Home / Featured / With Walk-Off Homer, Giancarlo Stanton Finally Gets His Moment at Yankee Stadium

With Walk-Off Homer, Giancarlo Stanton Finally Gets His Moment at Yankee Stadium

For eight innings Wednesday night, Giancarlo Stanton was having another night to forget.

Although he had singled in his second at-bat of the night, he had also struck out twice with runners on base. The second time it happened, with a runner on first and the Yankees trailing the Seattle Mariners by 5-3 in the seventh inning, the Yankee Stadium crowd reacted more with indifference than vitriol, almost as if the result had been expected.

It seemed, at the time, as though the Yankees had squandered their last real chance to complete a rally in a game in which they had trailed, 5-0, at the halfway point.

But then came a game-tying, two-run homer by Gary Sanchez in the bottom of the eighth, and an inning later Stanton found himself once again in a position to make exactly the type of play the Yankees had envisioned him making when they acquired him this off-season.

With two outs in the bottom of the ninth and an 0-2 count, Stanton, the winner of the 2017 National League Most Valuable Player Award, jumped on a hanging slider from Mariners reliever Ryan Cook and rocketed it into an advertisement board 453 feet away, at the back of the visitors’ bullpen beyond left-center field.

“That ball was absolutely scalded,” Yankees Manager Aaron Boone said.

It was Stanton’s first walkoff home run as a Yankee, and his first since 2014. Perhaps more important, it gave him his first Gatorade bath in front of a home crowd that has been lukewarm toward him through his first two and a half months playing at Yankee Stadium.

“I’m not worried about me personally,” Stanton said. “For the way our team battled back, it’s huge I could step up in that moment. Me, I’ll be fine.”

Until Sanchez’s home run — his 14th of the season — there had plenty of places for fingers to point for a potential loss: At starting pitcher Jonathan Loaisiga, whose second big-league start was decidedly less impressive than his first; at Chasen Shreve, who failed to accomplish his one mission, to retire left-handed hitting Dee Gordon, instead yielding a two-run single in the fourth; and at Boone himself, who pulled Loaisiga after just 84 pitches, and immediately following an impressive strikeout of Mike Zunino, to replace him with Shreve.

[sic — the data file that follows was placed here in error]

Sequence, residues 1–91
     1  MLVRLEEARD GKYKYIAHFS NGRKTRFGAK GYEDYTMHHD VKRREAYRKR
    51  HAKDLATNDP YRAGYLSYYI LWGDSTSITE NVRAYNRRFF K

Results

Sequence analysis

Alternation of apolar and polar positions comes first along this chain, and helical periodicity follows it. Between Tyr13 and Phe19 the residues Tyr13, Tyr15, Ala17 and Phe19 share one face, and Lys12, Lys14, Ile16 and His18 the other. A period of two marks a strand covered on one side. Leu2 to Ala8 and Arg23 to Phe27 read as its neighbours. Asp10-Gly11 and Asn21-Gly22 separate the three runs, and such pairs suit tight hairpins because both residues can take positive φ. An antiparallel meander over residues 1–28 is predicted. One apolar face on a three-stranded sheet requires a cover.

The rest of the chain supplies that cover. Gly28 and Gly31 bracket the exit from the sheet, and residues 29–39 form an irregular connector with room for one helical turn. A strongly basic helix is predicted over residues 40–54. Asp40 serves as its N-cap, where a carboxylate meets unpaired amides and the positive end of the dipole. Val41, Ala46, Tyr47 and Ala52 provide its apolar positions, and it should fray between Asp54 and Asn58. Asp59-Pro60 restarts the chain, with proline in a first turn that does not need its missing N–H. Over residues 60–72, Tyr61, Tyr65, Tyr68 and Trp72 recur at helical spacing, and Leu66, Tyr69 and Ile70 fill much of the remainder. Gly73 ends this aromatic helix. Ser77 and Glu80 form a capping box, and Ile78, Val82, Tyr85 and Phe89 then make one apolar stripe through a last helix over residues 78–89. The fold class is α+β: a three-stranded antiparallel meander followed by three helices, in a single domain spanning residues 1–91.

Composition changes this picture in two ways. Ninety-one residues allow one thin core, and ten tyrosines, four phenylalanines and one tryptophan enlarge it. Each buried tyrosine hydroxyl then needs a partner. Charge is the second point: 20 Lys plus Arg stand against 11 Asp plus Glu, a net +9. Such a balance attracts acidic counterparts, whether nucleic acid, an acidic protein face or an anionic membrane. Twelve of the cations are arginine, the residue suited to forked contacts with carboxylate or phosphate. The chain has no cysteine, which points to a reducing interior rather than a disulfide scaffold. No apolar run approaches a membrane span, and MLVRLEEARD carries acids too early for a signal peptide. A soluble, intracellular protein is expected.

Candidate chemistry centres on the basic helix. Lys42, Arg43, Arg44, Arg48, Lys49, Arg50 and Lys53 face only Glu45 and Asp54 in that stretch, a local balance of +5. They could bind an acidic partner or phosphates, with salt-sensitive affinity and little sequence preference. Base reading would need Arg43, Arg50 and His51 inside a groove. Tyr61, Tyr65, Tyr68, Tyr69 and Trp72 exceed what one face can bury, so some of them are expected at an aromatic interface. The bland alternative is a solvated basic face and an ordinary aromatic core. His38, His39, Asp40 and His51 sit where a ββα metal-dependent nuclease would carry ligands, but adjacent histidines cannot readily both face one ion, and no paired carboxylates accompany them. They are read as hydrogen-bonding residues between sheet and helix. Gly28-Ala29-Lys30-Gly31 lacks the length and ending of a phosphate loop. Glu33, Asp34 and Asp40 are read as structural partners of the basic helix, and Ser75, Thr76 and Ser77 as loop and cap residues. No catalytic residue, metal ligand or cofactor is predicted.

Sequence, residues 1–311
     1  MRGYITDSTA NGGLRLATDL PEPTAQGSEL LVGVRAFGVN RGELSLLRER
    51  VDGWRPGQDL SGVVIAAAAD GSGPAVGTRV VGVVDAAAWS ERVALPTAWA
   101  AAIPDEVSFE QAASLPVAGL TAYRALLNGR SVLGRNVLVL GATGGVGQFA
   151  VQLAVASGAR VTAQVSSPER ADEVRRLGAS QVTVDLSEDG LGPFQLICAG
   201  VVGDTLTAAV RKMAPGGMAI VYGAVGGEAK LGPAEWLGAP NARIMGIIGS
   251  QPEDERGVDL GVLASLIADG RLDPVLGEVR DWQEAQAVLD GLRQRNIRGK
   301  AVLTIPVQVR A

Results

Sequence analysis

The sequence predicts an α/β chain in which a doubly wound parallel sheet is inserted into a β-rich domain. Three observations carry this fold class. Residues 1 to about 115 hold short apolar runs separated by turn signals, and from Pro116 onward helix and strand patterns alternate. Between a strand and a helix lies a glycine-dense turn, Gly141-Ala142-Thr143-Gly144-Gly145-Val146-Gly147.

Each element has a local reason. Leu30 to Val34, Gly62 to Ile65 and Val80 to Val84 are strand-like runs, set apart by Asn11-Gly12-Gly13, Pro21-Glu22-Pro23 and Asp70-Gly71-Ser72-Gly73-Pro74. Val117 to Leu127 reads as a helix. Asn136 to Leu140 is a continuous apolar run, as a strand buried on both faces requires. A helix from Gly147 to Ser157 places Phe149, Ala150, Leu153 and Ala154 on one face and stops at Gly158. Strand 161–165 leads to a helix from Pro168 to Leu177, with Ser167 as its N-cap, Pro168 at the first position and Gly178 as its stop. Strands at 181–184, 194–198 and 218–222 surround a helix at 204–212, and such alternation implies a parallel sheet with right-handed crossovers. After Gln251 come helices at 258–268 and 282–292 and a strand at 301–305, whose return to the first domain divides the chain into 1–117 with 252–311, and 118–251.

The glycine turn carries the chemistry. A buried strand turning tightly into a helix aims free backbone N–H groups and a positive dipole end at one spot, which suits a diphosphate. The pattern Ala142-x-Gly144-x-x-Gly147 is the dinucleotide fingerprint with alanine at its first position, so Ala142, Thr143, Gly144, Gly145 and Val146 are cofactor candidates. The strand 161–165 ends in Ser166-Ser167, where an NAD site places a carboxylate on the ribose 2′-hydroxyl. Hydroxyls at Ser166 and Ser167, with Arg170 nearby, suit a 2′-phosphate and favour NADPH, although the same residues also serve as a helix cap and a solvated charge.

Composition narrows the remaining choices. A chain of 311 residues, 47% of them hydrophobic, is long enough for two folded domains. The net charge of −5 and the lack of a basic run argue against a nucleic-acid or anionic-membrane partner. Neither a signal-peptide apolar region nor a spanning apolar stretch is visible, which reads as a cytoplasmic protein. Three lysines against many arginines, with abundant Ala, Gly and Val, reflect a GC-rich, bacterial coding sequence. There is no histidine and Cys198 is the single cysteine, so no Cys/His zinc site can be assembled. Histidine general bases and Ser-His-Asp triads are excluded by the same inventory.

But the Yankees kept chipping away at Felix Hernandez, who has not lived up to his typical standards this season. The Yankees scored twice in the fifth on a two-run single by Aaron Judge (one of the runs was unearned, when Seattle left fielder Denard Span allowed the ball to scoot under his glove) and another in the seventh on a sacrifice fly by Didi Gregorius just before Stanton’s second strikeout.

There was little reason to believe that Stanton, who came into the game batting just .213 at home with a .699 on-base-plus-slugging percentage, and .217 with a .687 O.P.S. against right-handed pitchers, would fare better against Cook, a right-hander who had struck out 13 batters in eight and two-thirds innings.

“When Giancarlo hits that ball you start celebrating at home plate,” Boone said. “You just know it’s going to hit something hard beyond the center field fence.”

Inside Pitch

Hal Steinbrenner, the Yankees’ principal owner, issued a statement regarding the death on Monday of Billy Connors, a three-time Yankees pitching coach from 1989 to 2000 and the man credited with helping Mariano Rivera and Andy Pettitte develop their cutters:

“The Yankees organization mourns the passing of Billy Connors, who was a close and trusted friend of my family for many years. Since joining the Yankees at the conclusion of the 1988 season, Billy contributed to the organization in countless ways over his long career as a pitching coach, executive and adviser. On behalf of the Yankees and the Steinbrenner family, I extend our deepest condolences to Billy’s family, friends and loved ones.”

Check Also

What You Need to Know before Looking for a Financial Advisor

The more experience you have and the more you know on a topic or subject, …